Restaurant Patrick Guilbaud For the ultimate splash-out meal, this is arguably the best restaurant in Ireland.
Marsh’s Library Founded in 1701, Ireland’s oldest library is home to more than 25,000 books and manuscripts dating back to the 1400s.
Old Library Trinity College is home to the world’s most famous illuminated Gospels and the breathtaking Long Room library.
Dublin Writers Museum Dublin’s literary heritage is explored through writers’ personal possessions, scribblings and memorabilia.
Bloomsday Edwardian gear is de rigueur on 16 June if you want to celebrate Dublin’s unique tribute to James Joyce.
James Joyce Cultural Centre A fascinating flavour of Joyce's Edwardian heyday intermingled with some excellent films on the author's life and work.
St Stephen's Green The city's favourite sun trap, with every blade of its manicured lawns occupied by lounge lizards and lunchers.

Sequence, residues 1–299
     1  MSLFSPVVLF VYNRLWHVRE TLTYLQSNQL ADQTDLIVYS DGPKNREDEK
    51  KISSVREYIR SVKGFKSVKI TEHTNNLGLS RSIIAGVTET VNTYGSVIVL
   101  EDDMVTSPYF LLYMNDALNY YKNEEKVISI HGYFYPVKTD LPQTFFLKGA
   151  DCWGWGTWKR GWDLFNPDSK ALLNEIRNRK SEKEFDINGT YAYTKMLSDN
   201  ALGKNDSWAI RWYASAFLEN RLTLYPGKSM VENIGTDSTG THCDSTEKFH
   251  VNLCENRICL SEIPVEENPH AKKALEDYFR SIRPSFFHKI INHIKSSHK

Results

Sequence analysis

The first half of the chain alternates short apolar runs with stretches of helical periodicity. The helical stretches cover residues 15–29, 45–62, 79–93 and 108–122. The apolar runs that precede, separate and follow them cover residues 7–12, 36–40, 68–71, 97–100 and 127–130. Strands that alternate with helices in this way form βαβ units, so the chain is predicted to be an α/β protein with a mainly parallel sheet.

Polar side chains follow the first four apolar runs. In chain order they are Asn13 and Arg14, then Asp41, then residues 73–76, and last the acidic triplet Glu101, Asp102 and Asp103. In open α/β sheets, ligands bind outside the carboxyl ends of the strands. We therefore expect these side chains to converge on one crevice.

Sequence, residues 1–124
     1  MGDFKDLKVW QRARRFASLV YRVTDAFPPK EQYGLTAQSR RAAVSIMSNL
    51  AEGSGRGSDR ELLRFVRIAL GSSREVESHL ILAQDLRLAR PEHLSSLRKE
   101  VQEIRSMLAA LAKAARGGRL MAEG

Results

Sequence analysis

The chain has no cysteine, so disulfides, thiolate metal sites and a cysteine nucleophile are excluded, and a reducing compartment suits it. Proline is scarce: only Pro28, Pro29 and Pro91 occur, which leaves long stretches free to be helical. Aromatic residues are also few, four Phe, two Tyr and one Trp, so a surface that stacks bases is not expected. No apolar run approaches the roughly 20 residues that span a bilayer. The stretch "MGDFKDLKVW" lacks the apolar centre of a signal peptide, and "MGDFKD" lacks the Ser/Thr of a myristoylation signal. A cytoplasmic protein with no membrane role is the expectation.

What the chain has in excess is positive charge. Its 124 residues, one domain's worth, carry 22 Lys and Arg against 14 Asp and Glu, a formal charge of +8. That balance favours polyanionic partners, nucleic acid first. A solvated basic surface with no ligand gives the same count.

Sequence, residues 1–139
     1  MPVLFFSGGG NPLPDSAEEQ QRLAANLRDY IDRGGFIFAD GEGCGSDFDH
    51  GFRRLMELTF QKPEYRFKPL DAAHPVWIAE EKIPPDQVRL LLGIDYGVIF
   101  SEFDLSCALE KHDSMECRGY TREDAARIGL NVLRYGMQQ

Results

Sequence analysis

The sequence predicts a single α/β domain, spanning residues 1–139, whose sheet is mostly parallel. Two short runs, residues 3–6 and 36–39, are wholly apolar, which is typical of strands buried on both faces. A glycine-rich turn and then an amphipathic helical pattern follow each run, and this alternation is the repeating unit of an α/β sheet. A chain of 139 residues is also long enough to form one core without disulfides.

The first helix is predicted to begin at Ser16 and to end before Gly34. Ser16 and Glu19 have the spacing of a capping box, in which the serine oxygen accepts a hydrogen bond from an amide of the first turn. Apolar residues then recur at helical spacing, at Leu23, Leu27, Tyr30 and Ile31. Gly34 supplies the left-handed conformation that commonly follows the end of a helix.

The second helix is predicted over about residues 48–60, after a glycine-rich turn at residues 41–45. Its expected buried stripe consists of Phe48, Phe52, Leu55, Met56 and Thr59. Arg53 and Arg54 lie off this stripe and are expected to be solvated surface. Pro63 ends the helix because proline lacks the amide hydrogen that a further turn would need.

Merrion Square Perfectly raked paths meander by beautifully maintained lawns and flower beds.
Phoenix Park Dublin's biggest park, home to deer, the zoo, the president and the US ambassador.
Iveagh Gardens Delightful, slightly dishevelled gardens hidden behind St Stephen's Green.
War Memorial Gardens The best-kept open secret in town are these magnificent gardens by the Liffey.
Herbert Park This extensive park is one of the most popular green lungs south of the Liffey.
Leinster House Richard Cassels built this home for the Duke of Leinster; it's now the home of the Irish parliament.